Johnson County offices closed on Martin Luther King Jr. Day
Johnson County Government offices will be closed on Monday, Jan. 17, in observance of Martin Luther King Jr. Day and will reopen on Tuesday, Jan. 18, for normal business hours.
MLK Day is a relatively new federal holiday and was first observed by all 50 states in 2000. It is traditionally celebrated annually on the third Monday of January.
President Ronald Reagan signed the federal law in 1983 to have a day honoring Martin Luther King Jr. It was first observed three years later as a federal holiday, but not by all states. Kansas had its first MLK observance in 1985. The Board of County Commissioners added Martin Luther King Jr. Day to the list of county observed holidays effective Jan. 1, 2002.
Born in 1929, Dr. King’s actual birthday is Jan. 15. His birth name was Michael, not Martin. His father, Michael King Sr., a pastor, was inspired by the Protestant Reform leader Martin Luther and changed his own name and his 5-year-old son’s name to Martin Luther King Sr. and Jr.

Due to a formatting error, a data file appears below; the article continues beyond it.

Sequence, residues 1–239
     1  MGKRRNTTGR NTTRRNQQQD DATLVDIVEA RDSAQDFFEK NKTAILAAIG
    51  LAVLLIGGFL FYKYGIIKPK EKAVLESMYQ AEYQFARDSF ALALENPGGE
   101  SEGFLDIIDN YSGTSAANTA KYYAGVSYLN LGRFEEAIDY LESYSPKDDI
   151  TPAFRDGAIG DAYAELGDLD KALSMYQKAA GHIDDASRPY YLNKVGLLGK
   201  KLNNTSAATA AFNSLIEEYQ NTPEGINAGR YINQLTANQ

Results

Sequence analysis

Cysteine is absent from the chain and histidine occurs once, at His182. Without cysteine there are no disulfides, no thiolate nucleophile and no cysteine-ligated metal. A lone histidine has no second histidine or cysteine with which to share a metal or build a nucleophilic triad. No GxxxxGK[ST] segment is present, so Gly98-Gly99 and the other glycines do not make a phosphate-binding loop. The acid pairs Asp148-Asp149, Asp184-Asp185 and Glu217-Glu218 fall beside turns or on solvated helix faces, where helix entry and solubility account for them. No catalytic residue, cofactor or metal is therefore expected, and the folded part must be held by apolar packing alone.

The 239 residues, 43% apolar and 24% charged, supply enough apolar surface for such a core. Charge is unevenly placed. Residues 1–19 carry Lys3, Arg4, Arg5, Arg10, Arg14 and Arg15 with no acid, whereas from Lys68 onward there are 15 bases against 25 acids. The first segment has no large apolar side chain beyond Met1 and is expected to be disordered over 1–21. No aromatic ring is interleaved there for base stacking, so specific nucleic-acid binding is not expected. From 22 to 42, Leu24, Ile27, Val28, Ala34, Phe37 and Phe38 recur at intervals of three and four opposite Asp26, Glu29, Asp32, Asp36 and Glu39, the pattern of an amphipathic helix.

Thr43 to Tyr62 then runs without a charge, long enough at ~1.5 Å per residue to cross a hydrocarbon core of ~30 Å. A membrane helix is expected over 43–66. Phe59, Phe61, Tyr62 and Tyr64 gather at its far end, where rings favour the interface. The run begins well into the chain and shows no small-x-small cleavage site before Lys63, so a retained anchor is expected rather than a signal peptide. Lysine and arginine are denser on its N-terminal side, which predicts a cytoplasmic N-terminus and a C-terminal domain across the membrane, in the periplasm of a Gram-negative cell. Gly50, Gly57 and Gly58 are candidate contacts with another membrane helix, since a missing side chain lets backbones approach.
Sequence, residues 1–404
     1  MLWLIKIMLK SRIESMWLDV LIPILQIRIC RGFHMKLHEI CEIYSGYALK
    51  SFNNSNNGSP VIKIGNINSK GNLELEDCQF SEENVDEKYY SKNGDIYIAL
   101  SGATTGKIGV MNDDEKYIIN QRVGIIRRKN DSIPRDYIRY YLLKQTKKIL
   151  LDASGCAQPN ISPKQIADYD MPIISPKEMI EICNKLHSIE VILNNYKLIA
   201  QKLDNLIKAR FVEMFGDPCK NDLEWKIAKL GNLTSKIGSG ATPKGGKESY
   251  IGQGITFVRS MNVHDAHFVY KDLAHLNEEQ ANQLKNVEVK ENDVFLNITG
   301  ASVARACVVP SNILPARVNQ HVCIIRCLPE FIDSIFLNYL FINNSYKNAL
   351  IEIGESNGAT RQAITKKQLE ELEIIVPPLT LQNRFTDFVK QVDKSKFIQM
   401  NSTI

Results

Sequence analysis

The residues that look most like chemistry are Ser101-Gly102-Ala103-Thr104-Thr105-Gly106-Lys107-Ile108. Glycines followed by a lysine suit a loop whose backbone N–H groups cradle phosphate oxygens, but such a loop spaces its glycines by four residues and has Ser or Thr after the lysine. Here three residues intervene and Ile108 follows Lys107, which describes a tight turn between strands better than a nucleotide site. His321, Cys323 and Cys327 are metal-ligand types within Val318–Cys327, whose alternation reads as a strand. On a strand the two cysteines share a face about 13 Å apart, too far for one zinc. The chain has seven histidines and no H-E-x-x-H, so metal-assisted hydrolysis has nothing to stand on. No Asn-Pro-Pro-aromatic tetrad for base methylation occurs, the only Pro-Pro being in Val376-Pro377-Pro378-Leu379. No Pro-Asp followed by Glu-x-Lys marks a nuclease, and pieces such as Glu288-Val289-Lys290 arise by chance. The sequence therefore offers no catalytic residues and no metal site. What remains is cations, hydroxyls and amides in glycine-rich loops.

MLK Jr. dedicated his life to the nonviolent struggle for equal justice. He was imprisoned or jailed 29 times in the 1950s and 1960s.
His iconic “I have a Dream” speech on Aug. 28, 1963 helped to inspire President John F. Kennedy to promote a civil rights bill after nearly 100 years of segregation, leading to passage of the Civil Rights Act of 1964 that was signed by President Lyndon B. Johnson. MLK Jr. received the Nobel Peace Prize that year. The Voting Rights Act became law the following year.
Dr. King was assassinated three years later. He was 39.